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Durango Kingsnake

Durango Kingsnake
Lampropeltis mexicana greeri

The Durango Kingsnake is also known as a Greer's Kingsnake. They are ideal for beginners due to their calm and docile nature, they are also relatively small for a Kingsnake species.

Adult Size2-3ft
Lifespan10 Years +

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What does the Durango Kingsnake look like?

The Durango Kingsnake is a small to medium-sized snake reaching an adult length of 2-3ft. They are typical-looking colubrid with a small head and a body which is slightly thicker. The body of the snake is generally grey with black bands with orange and red within the bands.

They have a calm and docile nature, making them ideal for beginners, they are especially good for the younger keeper as they rarely bite or strike out.

Where are Durango Kingsnakes from?

Found high up in the mountains of Mexico, primarily the Durango Mountains, it’s easy to see why these snakes prefer cooler temperatures compared to other kingsnake species. With elevations between a staggering 6000-8000ft (1828-2438m) above sea level, snow can often be found on the ground during the colder months.

Their habitat is dry sandy/soil, rocky areas, scrublands, and dry pine forests. Hardy plants like cacti and low shrubs are often found in the mountains. They will generally hide within rock crevices during the daytime heat and venture out when much cooler.

How do you keep a Durango Kingsnake?

Durango Kingsnakes are one of the easiest species to keep in captivity from our experience. Due to their smaller size and their natural habitat, housing is relatively inexpensive compared to some other species.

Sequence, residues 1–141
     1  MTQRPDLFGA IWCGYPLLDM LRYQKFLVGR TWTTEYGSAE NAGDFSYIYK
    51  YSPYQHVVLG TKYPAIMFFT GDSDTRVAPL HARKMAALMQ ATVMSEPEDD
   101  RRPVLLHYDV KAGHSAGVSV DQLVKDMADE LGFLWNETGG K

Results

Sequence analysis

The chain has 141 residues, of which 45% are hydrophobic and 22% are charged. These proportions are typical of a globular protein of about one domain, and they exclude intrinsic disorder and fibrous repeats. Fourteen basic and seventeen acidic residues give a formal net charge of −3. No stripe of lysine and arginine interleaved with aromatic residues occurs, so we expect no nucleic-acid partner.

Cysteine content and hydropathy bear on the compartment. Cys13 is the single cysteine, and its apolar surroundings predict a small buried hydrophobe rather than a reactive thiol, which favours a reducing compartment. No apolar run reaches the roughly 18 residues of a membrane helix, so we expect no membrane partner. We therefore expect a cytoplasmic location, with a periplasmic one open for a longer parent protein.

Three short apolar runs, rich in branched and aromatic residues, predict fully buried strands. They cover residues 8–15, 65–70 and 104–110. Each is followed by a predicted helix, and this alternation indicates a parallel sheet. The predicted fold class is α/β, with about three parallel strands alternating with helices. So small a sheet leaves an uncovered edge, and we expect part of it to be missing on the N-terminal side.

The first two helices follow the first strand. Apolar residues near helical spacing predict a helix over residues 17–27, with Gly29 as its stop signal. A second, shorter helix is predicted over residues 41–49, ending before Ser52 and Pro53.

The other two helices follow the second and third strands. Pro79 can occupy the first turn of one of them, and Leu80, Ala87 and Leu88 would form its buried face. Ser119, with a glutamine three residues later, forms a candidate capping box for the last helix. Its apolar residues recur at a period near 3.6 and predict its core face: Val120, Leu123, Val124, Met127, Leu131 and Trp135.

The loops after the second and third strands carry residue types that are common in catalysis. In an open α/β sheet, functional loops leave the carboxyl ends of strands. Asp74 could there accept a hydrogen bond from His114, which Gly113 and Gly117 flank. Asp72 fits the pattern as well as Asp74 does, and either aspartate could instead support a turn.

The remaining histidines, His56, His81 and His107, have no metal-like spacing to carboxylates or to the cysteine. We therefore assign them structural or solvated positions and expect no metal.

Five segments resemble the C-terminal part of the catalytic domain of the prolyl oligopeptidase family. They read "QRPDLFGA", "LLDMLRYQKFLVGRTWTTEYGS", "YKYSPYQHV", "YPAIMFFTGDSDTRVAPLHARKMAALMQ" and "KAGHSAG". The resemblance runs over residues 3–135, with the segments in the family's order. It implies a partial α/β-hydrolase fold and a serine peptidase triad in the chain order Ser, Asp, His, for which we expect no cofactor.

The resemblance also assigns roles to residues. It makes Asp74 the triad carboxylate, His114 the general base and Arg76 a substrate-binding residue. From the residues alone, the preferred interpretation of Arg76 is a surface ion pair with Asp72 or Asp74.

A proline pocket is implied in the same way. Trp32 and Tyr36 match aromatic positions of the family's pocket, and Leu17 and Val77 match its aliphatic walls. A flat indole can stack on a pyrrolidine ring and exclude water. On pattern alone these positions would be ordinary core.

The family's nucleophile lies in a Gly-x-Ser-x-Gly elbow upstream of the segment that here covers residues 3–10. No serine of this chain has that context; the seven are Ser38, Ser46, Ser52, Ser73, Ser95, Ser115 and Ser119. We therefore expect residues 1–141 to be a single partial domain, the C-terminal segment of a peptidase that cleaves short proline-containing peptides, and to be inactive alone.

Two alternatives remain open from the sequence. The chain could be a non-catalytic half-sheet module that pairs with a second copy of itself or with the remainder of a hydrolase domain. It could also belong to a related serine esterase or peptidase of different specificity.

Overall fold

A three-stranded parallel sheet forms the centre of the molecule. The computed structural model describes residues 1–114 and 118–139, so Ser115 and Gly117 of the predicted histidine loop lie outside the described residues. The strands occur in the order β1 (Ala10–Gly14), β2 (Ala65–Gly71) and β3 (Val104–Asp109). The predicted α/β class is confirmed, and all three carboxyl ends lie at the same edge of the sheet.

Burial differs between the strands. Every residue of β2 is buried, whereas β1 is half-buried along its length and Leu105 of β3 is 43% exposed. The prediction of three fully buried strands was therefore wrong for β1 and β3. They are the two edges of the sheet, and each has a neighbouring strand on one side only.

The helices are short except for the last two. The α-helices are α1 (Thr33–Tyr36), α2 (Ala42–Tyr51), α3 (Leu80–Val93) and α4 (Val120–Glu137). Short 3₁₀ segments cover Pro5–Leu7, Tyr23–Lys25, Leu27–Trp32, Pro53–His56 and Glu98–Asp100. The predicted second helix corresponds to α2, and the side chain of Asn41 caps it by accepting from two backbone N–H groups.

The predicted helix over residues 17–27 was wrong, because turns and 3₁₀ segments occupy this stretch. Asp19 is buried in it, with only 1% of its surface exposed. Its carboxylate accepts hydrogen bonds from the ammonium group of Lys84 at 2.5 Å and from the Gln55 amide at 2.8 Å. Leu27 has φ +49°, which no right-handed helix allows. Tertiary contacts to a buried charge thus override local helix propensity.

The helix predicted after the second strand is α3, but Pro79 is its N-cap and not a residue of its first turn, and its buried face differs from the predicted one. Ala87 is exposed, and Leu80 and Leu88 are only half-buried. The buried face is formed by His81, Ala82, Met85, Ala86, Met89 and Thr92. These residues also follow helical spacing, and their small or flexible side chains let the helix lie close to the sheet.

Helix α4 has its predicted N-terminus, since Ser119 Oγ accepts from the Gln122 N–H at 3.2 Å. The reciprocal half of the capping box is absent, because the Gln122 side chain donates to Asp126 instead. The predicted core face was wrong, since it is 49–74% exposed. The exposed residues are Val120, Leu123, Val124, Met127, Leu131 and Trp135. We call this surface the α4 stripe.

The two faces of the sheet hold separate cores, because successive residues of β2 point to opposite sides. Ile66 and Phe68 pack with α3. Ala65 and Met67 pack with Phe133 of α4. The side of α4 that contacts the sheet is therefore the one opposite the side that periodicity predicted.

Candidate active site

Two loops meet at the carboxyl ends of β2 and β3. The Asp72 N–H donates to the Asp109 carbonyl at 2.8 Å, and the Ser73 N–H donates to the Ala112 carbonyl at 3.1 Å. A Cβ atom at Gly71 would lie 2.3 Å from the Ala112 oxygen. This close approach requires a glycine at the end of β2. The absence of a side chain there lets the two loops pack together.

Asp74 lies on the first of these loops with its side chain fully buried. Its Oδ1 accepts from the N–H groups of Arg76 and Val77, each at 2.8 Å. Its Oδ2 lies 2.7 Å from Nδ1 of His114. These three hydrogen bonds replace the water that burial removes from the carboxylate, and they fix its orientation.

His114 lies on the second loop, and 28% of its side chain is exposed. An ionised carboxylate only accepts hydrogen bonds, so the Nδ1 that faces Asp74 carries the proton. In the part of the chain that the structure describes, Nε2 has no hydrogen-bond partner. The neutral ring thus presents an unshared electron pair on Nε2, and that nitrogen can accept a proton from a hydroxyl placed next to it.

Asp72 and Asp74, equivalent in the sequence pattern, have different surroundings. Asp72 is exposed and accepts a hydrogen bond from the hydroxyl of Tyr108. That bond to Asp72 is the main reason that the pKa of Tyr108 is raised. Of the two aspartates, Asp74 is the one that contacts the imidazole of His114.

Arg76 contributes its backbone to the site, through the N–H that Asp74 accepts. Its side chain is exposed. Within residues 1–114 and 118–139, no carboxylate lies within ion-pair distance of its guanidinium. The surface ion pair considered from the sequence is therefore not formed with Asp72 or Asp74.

Provide a vivarium of at least 3ft in length for a fully grown adult. We always recommend providing a low-level output of UVB lighting as this species requires zone 1 following the Fergurson zone chart.

We would recommend the use of a basking bulb on a dimming thermostat set to reach 27C (80.6F) in the basking area. Do not go any higher as this species can show signs of overheating which in turn will prevent them from feeding, they will cruise the enclosure in a stressed state. Turning the UVB and basking bulb off at night and allowing this to drop down to 18C (64.4F) is perfectly safe for Durango Kingsnakes. Always protect basking bulbs and UVB lighting with a guard to prevent any injury and burns to your snake. Use a digital thermometer or temperature gun to check the temperatures on a regular basis.

Due to their natural habitat, providing a more rugged rocky terrain allows the snake to hide during the day when the temperature is warmer. They are then active during the evening/night as the enclosure cools to lower temperatures. For substrate, you can use snake aspen or even a sand/soil mix to mimic the mountains.

Feed appropriate-sized mice starting with pinkies for hatchlings every 5-7 days and increasing to large mice as adults every 10 days. We have found these snakes do not like prey that’s too large, whereas other species of kings would happily struggle to eat something more significant, these will simply leave the offered rodent. It is far safer to feed your snake two appropriately sized rodents rather than something too large.

Always provide fresh drinking water, ideally treated with a reptile-safe de-chlorinator and change if the water becomes soiled. Providing a humidity hide allows the snake to cool down if the temperatures were to spike, especially during the summer months.

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Before you commit to buying any pet, please do your own independent research.